Dr H.N.S Karunatilake, an economist of rare breed, has passed away. He was a career central banker and retired from the Central Bank of Sri Lanka as its Governor, the highest position which a central bank officer can aspire to reach in that august institution.
The writer’s first encounter with Dr Karunatilake was in 1969 when he taught monetary theory to undergraduates at the then Vidyodaya University of Ceylon as a visiting lecturer. In the following year, Dr Karunatilake taught the writer another subject, Economic Development. At that time, Dr Karunatilake was a Deputy Director in the Economic Research Department of the Central Bank and it was amazing how he could find time to share his knowledge with undergraduates in several local universities.
Despite his busy schedule at the Bank, he was always on time to lectures. The writer could recall several prominent features in his lectures. He never brought any lecture note to the class room. Once he started talking, hard economic theories flowed from him freely. He was student friendly and was willing to answer their questions. Though he had received instruction all throughout in his academic career in English medium, he lectured very fluently in Sinhala without having to use any English word in the middle of a sentence for support. His lectures were clear, to the point and lively.
The writer had a very close working relationship with Dr Karunatilake after he joined the Central Bank in 1973 and especially after 1978 when Dr Karunatilake was appointed as Deputy Governor. Many in the Central Bank consider him as their ‘Working Guru’, because he led them not only in economic policy making but also in the day to day administration of the Bank. He was a builder of institutions on modern lines.
To mention two such institutions which Dr Karunatilake took a personal initiative to build and with which the writer was also involved with him were the Institute of Bankers of Sri Lanka and the Credit Information Bureau of Sri Lanka. As regards the Institute of Bankers, he was one of the pioneering lecturers and examiners of the Institute’s predecessor, Bankers Training School or BTI set up in 1964.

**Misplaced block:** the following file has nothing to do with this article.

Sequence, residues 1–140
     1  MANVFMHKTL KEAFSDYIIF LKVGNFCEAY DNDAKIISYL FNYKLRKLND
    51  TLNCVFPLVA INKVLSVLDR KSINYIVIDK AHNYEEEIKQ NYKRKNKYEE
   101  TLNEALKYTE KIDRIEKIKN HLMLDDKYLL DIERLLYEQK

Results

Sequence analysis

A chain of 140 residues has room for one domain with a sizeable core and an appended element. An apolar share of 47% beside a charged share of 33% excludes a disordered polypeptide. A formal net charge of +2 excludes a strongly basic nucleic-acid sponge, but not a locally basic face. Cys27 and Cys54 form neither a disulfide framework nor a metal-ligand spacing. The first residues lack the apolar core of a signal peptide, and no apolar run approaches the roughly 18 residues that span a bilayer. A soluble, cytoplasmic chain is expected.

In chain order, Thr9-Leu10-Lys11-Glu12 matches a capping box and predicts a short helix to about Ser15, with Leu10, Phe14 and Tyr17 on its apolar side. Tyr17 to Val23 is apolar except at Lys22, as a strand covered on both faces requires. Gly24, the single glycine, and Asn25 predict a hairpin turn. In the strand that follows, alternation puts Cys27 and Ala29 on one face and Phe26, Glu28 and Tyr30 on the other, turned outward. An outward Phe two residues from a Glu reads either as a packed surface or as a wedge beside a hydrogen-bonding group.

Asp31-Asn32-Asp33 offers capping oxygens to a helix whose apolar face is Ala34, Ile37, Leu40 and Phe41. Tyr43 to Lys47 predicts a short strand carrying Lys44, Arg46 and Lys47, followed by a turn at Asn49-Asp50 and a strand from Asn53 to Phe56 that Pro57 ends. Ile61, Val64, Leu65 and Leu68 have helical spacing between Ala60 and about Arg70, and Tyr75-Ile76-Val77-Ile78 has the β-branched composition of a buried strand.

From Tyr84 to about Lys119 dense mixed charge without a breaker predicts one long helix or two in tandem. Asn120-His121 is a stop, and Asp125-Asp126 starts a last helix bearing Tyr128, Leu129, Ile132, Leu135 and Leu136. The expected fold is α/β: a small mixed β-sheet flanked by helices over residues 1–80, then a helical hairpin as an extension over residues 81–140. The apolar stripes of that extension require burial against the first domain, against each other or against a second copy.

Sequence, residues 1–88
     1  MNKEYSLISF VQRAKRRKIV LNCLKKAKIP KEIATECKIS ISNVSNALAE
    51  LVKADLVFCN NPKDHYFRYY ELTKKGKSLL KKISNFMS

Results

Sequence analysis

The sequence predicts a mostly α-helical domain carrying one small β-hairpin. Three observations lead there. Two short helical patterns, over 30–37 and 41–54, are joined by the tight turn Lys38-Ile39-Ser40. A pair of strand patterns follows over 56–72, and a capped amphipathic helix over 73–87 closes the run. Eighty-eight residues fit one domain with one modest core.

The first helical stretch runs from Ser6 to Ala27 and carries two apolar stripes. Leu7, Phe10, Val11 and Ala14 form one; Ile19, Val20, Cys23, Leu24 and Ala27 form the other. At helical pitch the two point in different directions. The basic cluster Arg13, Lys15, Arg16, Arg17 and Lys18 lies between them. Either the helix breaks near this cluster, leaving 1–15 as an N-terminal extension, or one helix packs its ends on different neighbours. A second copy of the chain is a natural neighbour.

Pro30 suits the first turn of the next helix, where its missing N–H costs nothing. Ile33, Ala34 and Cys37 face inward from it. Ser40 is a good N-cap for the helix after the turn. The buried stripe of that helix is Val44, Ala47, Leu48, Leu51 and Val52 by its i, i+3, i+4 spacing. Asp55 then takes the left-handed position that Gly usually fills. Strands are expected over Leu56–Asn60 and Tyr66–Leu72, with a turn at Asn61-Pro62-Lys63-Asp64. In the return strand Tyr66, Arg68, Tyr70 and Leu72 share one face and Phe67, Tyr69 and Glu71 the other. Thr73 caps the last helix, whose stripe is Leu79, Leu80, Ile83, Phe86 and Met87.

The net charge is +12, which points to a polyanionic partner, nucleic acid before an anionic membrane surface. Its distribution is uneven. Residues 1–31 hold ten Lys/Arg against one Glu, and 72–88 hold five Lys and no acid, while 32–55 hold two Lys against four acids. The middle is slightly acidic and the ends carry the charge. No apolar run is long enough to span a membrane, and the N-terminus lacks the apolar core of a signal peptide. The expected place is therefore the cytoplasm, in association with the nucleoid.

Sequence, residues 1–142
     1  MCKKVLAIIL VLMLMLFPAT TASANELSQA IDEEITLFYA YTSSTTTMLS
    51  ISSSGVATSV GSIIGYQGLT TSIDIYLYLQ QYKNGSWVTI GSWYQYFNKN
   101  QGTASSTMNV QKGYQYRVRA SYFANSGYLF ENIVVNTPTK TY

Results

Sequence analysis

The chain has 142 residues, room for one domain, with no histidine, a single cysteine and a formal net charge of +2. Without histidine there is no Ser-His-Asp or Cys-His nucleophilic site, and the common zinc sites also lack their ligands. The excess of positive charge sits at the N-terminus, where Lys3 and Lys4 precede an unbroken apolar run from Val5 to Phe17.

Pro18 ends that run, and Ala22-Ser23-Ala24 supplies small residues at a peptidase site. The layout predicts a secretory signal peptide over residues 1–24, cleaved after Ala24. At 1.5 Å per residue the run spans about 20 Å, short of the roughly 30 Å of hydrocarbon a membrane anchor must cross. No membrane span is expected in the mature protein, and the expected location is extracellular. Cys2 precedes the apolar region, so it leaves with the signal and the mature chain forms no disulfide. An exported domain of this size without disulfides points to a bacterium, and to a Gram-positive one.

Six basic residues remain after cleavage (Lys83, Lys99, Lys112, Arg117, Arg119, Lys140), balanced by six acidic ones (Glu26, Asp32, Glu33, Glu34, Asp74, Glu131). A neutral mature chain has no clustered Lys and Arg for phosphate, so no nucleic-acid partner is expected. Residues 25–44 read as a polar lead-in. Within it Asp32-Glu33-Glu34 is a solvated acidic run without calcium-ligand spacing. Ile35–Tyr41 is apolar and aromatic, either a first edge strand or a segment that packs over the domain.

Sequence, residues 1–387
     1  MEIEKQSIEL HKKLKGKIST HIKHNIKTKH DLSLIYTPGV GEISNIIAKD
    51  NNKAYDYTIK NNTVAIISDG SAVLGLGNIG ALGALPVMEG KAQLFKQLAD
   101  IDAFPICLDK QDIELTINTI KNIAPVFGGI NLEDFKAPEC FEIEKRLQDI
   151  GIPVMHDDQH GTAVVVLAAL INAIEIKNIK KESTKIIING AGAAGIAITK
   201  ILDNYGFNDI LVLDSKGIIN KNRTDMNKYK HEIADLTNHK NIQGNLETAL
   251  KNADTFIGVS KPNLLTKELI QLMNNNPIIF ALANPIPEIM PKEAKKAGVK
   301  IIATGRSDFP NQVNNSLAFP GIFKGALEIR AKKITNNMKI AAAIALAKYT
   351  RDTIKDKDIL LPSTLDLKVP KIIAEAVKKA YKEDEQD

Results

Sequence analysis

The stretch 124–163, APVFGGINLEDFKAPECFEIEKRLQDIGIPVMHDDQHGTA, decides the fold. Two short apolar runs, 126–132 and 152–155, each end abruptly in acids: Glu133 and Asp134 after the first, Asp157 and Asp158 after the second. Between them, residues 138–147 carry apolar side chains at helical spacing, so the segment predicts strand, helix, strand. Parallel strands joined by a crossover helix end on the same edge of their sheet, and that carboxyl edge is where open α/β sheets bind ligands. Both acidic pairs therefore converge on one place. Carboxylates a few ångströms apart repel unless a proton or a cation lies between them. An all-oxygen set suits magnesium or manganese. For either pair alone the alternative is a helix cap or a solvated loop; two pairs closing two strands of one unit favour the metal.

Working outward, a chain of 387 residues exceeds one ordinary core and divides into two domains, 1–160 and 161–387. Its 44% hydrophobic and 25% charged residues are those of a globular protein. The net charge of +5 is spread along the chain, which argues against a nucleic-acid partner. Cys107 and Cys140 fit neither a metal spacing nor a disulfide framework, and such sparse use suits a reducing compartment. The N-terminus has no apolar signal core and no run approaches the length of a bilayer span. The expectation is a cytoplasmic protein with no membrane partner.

When BTI was incorporated into the Institute of Bankers in 1979, Dr Karunatilake became its first Chairman and laid the foundation for that fledgling institution to become an advanced professional body in the country. Even after retirement, he could not keep himself away from that institute. He, along with his wife, was a prominent guest at every convocation of the Institute, except the last one where he excused himself on the ground of ill – health.
Dr Karunatilake did not belong to any particular economic school. He could have conveniently been a Keynesian on account of his education at two such institutions of higher learning that had a Keynesian lineage: the prestigious London School of Economics on this side of the Atlantic and the reputed Harvard University on the other side of the Atlantic. He was a pragmatist and looked at only the final result of any economic policy.
His economic philosophy had at times been guided by Buddhist principles of economics. He was an economic nationalist to a fault. He was openly anti – IMF/World Bank type of economic policies and spent much of his retired life for finding a nationalist economic policy for Sri Lanka. He was at the receiving end from the mainstream economists of Sri Lanka on this count.
Dr Karunatilake is such a giant among contemporary Sri Lankan economists,that he will be missed by both his friends and foes.